Here’s my temporary writing office, also known to some as the kitchen.
Most importantly, there’s a stack of books I’ve been using as inspiration for my novel-in-progress, which I’m calling Whispering Light for now: Chindi by Jack McDevitt, The Case for Mars by Robert Zubrin, The Dark Horse Book of Monsters, and a book of artwork by H. R. Giger, who’s perhaps most famous for his work on Ridley Scott’s Alien. And on top, you’ll find my Oakley Minute 2.0 shades, which were a gift from the girlfriend about two years ago. She got me a pair of black-and-green Oakley Jupiters as a college graduation gift, but my dog, Sam, ate them for lunch. May they rest in piece.
To the left, that’s a 15″ Dell Inspiron laptop I’ve had for three years or so, which has taken a lot of abuse in the course of both my college and writing careers — a lot of papers have been hammered out on it.
You can tell somewhat from the picture that the “?” + “/” key is more or less broken — there’s a little white mechanism that the key itself rests on, and two tiny prongs that hold it in place. At least one of the prongs is apparently busted or worn down, because it no longer functions as intended . . . but it gets the job done, with a little added force.
Normally you’d see a coffee mug with a bold dark roast, steaming and giving off its heavenly coffee-shop scent, but since it was getting late I opted to try one of my girlfriend’s Nestle PureLife (devil-corporation!) with Lemon Splash bottled waters. Not bad, but I feel morally soiled for having drunk it. I’m also fond of Coke Zero, Diet Coke, and iced tea. And on occasion, a nice cold one — Dos Equis, Red Stripe, or Blue Moon.
Don’t mind the overflowing garbage. You wanna get any writing done, you have to sacrifice some things. Y’know, like chores, showering, and breakfast. Except today. Today I had coffee and an Entenmann’s chocolate-frosted doughnut.
Also, I should probably buy some new shoes. Those once-white Jordans are getting a little beat-up, and they ain’t as comfortable as they were when I bought ‘em, maybe two years ago.
Other books I’ve been reading, or have read recently, include Michio Kaku’s Physics of the Future, Leviathan Wakes by James S. A. Corey, The Apocalypse Ocean by Tobias S. Buckell, Distrust That Particular Flavor by William Gibson, Year’s Best SF 17, eds. David G. Hartwell and Kathryn Cramer, Amped by Daniel H. Wilson, Leviathans of Jupiter by Ben Bova, and probably some others I’m either forgetting or gave up on before finishing. For more aesthetic inspiration, when the Giger book fails to get the gears turning, I’ll probably also dig out my copy of Spectrum 17: The Best in Contemporary Fantastic Art.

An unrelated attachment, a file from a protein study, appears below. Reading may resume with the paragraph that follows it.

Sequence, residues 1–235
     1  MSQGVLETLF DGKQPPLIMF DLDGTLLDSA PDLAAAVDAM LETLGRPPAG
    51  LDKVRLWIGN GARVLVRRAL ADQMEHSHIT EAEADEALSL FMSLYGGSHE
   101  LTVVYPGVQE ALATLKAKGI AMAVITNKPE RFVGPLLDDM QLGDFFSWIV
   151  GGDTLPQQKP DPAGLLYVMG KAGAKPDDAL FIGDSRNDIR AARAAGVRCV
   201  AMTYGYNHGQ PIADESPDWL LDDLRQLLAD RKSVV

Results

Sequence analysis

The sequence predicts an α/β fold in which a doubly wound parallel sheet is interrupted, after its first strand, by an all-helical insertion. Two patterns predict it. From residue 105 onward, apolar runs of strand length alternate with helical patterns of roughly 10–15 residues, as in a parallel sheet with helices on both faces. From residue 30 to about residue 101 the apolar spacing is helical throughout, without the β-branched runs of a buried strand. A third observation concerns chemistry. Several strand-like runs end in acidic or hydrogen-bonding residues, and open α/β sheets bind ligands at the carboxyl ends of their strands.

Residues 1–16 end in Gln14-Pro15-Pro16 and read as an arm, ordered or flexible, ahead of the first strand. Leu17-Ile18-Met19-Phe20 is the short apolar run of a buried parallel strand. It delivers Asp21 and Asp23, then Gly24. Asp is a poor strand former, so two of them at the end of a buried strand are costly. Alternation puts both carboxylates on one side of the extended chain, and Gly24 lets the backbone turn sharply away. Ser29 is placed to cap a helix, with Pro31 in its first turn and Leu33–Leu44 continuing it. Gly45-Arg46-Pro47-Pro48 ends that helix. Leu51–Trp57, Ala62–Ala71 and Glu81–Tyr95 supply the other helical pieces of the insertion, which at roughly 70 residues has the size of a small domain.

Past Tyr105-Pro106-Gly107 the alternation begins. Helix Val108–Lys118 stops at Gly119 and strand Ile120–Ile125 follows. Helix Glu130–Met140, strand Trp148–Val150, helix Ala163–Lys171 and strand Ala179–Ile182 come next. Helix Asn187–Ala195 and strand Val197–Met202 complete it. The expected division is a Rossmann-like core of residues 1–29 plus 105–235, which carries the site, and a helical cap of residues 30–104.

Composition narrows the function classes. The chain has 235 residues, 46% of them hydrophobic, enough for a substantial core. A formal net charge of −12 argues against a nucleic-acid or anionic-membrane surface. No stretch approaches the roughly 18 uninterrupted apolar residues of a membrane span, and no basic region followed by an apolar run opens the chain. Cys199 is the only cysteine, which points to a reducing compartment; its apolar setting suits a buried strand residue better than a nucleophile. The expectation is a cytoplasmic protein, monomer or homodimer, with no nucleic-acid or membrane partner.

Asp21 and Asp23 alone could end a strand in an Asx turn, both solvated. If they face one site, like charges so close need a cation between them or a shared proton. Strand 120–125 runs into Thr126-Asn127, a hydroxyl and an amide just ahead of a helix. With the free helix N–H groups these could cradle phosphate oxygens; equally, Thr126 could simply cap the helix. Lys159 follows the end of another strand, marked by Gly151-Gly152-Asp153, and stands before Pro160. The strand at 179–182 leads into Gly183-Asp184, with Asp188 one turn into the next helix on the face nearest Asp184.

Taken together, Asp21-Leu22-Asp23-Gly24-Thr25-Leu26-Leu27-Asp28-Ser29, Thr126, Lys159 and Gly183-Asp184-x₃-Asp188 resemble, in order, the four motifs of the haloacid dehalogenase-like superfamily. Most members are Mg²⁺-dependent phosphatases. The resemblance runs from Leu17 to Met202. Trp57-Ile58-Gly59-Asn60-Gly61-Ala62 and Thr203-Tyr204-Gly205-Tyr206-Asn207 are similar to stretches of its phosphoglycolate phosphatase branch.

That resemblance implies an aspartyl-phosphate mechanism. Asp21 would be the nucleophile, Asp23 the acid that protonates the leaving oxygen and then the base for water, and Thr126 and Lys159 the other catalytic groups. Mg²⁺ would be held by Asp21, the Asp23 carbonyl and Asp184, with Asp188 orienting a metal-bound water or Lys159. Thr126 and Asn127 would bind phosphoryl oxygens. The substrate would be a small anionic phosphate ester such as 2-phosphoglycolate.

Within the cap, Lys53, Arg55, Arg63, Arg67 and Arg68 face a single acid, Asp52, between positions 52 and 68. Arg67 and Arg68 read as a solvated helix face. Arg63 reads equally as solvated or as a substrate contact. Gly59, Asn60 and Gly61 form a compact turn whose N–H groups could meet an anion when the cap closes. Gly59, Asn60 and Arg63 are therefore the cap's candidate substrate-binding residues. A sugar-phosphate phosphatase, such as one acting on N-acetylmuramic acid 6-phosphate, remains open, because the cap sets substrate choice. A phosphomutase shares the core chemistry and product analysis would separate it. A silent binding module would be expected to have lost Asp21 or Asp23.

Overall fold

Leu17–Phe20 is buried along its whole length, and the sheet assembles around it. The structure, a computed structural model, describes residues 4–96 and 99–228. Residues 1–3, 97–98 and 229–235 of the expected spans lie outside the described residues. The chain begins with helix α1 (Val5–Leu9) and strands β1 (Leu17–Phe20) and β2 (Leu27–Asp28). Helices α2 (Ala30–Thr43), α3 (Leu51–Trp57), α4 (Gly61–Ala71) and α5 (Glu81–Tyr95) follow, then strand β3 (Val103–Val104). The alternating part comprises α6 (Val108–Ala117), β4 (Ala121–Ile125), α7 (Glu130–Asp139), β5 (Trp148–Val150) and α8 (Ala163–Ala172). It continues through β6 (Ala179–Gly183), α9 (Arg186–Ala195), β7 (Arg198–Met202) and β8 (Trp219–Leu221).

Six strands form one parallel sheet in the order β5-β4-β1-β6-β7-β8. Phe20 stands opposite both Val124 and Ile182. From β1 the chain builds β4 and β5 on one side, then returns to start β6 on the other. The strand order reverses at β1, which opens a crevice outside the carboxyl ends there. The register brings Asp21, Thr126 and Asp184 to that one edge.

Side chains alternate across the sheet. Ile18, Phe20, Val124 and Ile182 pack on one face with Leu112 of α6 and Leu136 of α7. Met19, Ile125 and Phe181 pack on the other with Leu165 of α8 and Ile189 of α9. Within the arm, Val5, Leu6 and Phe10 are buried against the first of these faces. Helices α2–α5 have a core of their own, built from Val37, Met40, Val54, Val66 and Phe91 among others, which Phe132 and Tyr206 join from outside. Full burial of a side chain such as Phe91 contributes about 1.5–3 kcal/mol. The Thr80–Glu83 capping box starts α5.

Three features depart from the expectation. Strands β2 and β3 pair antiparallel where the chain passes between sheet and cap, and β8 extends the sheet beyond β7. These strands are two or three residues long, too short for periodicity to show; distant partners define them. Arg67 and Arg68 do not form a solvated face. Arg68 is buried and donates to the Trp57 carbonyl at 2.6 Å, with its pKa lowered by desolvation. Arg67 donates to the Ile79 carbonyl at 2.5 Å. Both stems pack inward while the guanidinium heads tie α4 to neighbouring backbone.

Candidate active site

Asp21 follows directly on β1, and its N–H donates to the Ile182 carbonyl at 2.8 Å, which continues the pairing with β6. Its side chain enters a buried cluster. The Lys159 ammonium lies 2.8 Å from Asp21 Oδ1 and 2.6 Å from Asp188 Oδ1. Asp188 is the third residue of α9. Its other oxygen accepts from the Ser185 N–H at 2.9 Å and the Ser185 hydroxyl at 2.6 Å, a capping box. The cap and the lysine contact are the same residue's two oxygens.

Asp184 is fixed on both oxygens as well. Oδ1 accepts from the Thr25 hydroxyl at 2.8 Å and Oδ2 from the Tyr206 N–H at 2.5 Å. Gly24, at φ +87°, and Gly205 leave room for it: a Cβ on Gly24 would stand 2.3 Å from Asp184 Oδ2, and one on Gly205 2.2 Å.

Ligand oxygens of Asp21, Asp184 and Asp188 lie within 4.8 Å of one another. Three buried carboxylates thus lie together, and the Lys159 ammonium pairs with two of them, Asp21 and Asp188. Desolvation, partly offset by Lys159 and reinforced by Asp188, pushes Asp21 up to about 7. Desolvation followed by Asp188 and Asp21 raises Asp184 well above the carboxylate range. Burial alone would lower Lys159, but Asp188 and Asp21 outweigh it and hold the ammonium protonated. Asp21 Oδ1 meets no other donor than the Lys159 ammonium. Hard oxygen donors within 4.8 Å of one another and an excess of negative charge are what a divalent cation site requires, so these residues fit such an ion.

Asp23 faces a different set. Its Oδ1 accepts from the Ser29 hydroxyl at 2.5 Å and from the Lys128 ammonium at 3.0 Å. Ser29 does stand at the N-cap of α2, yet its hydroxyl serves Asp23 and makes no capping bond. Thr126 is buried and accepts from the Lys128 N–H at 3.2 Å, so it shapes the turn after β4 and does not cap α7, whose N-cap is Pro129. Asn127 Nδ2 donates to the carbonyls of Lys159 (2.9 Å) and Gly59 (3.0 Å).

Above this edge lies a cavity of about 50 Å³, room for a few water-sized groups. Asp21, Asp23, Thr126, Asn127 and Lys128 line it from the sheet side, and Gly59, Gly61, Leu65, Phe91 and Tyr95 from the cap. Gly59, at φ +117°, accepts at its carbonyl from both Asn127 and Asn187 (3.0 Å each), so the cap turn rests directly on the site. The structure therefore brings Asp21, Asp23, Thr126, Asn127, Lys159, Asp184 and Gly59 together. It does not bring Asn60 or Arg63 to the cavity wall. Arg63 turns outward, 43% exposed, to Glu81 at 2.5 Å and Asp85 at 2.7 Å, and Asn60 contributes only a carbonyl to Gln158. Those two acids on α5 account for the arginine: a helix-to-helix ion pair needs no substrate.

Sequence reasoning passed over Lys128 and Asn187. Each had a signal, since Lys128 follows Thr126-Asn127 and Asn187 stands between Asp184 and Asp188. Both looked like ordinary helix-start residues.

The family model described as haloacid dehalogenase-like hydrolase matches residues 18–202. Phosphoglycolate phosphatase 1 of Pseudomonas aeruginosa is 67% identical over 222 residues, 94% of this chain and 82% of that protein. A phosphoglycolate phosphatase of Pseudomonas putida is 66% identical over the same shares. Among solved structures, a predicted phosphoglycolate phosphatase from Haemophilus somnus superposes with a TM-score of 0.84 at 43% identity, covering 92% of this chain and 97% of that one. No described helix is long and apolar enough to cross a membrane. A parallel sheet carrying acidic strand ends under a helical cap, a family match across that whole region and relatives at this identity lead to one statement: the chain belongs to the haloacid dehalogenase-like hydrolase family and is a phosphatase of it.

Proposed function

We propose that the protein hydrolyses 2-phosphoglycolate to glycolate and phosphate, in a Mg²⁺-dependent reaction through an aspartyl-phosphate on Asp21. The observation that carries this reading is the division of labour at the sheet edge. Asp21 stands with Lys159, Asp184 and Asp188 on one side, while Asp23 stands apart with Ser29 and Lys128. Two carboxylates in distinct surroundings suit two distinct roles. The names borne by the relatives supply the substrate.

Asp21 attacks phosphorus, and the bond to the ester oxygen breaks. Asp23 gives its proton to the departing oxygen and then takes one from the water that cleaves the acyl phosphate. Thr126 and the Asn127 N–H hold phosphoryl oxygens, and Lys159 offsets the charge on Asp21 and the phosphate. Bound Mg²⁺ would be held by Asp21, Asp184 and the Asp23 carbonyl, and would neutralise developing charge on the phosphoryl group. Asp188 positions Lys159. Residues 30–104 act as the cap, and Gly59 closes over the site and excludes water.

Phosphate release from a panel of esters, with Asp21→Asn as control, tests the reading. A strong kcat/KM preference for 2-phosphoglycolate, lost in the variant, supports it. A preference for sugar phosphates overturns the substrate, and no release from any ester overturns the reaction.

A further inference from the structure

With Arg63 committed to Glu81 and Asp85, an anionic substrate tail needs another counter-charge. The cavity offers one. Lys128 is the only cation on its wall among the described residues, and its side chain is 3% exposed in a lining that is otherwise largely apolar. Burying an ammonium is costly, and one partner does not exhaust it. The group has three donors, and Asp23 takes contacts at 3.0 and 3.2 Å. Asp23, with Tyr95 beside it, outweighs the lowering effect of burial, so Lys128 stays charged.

I’m up to 4,245 words on the novel, which means I’m at roughly 5.3% completion, based on my initial target goal of 80,000 words for a very basic first draft. That makes for the beginning of a new prologue — which may end up being the first chapter; I’m not sure yet — three more or less “finished” chapters (1-3), and the beginning of a fourth chapter. So most of the scenes are pretty short at this point, which means I’ll be going back and expanding a lot of the dialogue and descriptions once the skeleton of the novel starts to reveal itself a bit more.
I’ve currently written chapters from three different viewpoint characters, and know at least one or two more viewpoint characters will comprise the finished narrative. Would share tidbits from my research and worldbuilding, or character names, but that’d be pretty premature at this point . . . Plus, I may very well decide to use an excerpt as my quarterly Writers of the Future contest entry at some point, so I’ll have to try and maintain some anonymity. And let’s be honest: Most of you probably don’t give a damn about my worldbuilding; you’d probably rather just hear that I finally succeeded in writing one of these long, long manuscripts.
No more talking. As Yoda said so well, Do, or do not; there is no try.
My daily word count goal is 500 words, give or take a hundred. Tonight I finished at 552, and tomorrow I’m hoping to hit 1,000. That used to be my daily goal, but whenever I failed to hit it, or decided I wouldn’t have enough time, I’d just avoid writing anything at all, so the 500-a-day target has proved much more efficient on a weekly basis. It’s been getting results, whereas before 1,000 words a day wouldn’t have. The only downside is, now it’s really hard to write more than the requisite five hundred. But I’ve always been a fairly slow writer, and I write with a fairly minimalistic style, so it won’t hurt me much in the long run — at least, I hope not.